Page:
Research: Young Adults & Charity - Part 3: Survey Update | Reason Digital

Research: Young Adults & Charity - Part 3: Survey Update | Reason Digital

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Research: Young Adults & Charity – Part 3: Survey Update

Here's the latest from Josh and his progress on the 'Young Adults & Charity' research project, this week we learn what's next for the data.

young adult writes

If you follow us on social media, you’re probably well informed that our survey is live. And if you don’t follow us on social media – what is wrong with you? Our survey is live – click here to do it!

The more responses we get, the better the results will be, which means our research paper will be even more exact with its findings. So it’s really in your best interests to share and complete the survey if you’d like to know more about young people and charity (and be in win a chance to win £50 too).

As a teaser, here’s some things we’ve learned since our survey went live:

  • 91% of our respondents have donated money to charity in the past year.
  • 50% of our respondents have volunteered for charity in the past year.
  • “Care for the homeless” has been selected the most times to be in our respondent’s top three charity sectors they are most likely to support.

It will be interesting to see if this is still the case when we close the survey next week.

Now, in this week’s research blog, I’m going to talk a little about what happens with all your answers after you hit the ‘Submit’ button.

When you complete the survey, all your responses are automatically added into a spreadsheet. This spreadsheet doesn’t really tell us what we want to know though, it just logs each individual response anonymously.

The problem is this data is quite hard to work with when we’re trying to see the bigger picture. The majority of questions in the survey ask you the extent to which you agree with a statement, or whether a scenario applies to you. And, we’ll be honest, because of the wordy nature of a survey, when the answers come through onto the spreadsheet it’s pretty unclear to read and very messy!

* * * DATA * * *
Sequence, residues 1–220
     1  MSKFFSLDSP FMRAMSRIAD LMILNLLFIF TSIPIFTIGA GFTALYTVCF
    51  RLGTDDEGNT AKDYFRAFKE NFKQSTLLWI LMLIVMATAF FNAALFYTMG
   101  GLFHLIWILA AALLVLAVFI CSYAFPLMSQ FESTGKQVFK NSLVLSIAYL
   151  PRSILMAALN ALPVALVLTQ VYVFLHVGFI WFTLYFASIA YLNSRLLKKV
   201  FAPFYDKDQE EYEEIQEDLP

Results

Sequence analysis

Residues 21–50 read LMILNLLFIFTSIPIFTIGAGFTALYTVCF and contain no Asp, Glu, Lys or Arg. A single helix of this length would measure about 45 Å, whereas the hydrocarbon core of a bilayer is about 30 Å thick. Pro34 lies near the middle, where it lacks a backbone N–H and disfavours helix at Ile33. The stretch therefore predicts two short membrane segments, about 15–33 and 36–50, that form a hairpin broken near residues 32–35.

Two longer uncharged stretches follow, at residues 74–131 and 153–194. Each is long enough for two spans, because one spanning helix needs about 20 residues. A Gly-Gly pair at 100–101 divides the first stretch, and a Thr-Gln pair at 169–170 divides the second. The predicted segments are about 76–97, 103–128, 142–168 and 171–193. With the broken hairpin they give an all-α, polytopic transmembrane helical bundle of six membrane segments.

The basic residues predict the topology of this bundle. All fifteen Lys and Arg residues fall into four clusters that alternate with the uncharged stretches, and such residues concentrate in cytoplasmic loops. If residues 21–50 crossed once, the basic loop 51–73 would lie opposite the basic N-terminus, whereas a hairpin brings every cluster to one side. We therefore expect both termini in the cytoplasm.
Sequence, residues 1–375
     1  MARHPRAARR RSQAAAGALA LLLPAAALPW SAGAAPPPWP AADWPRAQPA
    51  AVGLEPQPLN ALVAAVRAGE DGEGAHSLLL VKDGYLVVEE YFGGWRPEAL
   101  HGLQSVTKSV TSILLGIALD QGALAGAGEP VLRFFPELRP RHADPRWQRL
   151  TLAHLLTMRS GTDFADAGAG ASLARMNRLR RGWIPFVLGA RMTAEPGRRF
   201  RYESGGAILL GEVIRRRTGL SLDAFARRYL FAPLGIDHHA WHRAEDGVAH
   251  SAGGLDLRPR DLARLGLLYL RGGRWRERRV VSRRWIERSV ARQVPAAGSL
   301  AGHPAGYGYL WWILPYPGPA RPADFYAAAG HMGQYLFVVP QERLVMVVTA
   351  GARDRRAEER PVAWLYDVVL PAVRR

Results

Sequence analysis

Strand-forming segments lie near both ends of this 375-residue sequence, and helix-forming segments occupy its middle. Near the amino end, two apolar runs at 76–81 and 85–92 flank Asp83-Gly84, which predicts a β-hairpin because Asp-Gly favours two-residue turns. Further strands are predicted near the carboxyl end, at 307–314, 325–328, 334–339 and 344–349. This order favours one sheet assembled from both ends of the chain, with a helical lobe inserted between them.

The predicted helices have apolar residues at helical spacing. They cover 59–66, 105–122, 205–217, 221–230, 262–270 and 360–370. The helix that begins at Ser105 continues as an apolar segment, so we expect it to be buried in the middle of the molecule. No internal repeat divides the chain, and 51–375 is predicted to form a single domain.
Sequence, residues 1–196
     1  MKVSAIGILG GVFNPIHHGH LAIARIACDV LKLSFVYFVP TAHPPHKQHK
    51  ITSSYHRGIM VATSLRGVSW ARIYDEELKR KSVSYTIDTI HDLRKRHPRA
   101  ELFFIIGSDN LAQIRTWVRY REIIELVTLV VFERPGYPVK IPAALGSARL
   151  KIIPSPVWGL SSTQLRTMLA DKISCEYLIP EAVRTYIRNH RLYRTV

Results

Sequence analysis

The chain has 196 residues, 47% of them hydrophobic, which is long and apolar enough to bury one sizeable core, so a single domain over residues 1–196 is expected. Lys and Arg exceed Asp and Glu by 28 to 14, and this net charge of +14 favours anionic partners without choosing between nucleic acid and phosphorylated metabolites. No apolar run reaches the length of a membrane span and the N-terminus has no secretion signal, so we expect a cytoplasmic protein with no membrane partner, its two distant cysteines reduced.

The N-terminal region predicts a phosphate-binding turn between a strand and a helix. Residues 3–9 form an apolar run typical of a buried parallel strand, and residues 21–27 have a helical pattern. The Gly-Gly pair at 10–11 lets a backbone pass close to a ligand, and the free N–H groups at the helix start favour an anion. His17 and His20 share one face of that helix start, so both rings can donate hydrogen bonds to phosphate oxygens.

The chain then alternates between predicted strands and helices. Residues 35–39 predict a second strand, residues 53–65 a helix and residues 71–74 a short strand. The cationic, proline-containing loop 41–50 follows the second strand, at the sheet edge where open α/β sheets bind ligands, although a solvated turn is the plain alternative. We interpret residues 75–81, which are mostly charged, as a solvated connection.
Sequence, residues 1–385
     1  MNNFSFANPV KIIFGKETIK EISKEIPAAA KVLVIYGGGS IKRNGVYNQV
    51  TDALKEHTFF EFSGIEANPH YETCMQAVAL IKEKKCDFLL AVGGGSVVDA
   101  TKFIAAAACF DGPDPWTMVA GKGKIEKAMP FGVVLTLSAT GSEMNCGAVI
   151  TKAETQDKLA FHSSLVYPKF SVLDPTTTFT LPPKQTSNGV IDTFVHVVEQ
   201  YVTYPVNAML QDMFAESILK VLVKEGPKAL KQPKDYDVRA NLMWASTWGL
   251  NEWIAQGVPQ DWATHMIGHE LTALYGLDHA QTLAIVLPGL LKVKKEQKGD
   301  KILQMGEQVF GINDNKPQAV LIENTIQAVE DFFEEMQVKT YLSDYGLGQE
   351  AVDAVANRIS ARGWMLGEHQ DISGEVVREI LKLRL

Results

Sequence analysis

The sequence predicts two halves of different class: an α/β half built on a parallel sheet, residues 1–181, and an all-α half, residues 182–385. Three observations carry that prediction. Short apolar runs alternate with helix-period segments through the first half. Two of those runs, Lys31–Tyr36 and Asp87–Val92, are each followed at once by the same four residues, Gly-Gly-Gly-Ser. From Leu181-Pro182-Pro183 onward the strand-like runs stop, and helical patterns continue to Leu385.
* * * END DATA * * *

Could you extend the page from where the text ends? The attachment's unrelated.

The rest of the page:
In order to make interpreting the data as easy as possible, for every answer to every question, we assign a numeric value, and input this into a database. For example, if I was to ask you “do you like pancakes?” and gave you the option to answer ‘yes’ or ‘no’, these two answers would appear in the database as ‘1’ and ‘2’ respectively. If we want to see the total amount of people that answered ‘no’, instead of me literally counting how many people answered ‘no’, our database can instantly tell us how many times the number ‘2’ came up for that question. This is a lot quicker and, given natural human error, a lot more reliable.

I hope that all makes sense…

When the first few responses came in, I checked the spreadsheet, and went about inputting the responses into the database. There are 29 variables that we measure in the survey, and I inputted the answers for these 29 questions for about 20 different respondents. Lots of typing “1,1,1,2,2,1,2,1”. When I informed the rest of the research team of the progress I had made with inputting the data, they looked at me strangely and then told me that there is a way to automatically transfer responses from the survey spreadsheet into the data software, and that I didn’t have to type it out myself. Whoops – I’m here to learn, I guess!

Our next challenge is publicising the survey. In order to test our assumptions as robustly as possible, we need the survey to be completed by as many people as we can. We’re being very active on social media and I’ve been bugging my friends and family too. And I’d like to take this moment to bug you as well.

It’s fascinating how connected the world is, the internet gives unlimited opportunity for communication in every corner of the globe. So far, a whopping 100% of our respondents are Facebook users, which is an interesting insight as the majority of respondents completed the survey by seeing it through an email. Of this users, 60% are also active on Twitter! We want everyone, everywhere, to tell us what they think about charity’s place in society.

As I mentioned earlier, our intention is to use the results from the survey, as well as other sources of information, to write up a research paper about our results. We want this paper to tell us, and you, how young adults and students feel about the role that charities play today, and how important they are. Therefore, it’s crucial that as many people complete this survey for us as possible. Even if you don’t consider yourself a young adult or you’re not a student, we need you too! If you want to gain from these results, it’s up to you to join in.

I hope that you will help us get our survey out far and wide. I’ll let you know how we get on in the next post. If you can hold on until then!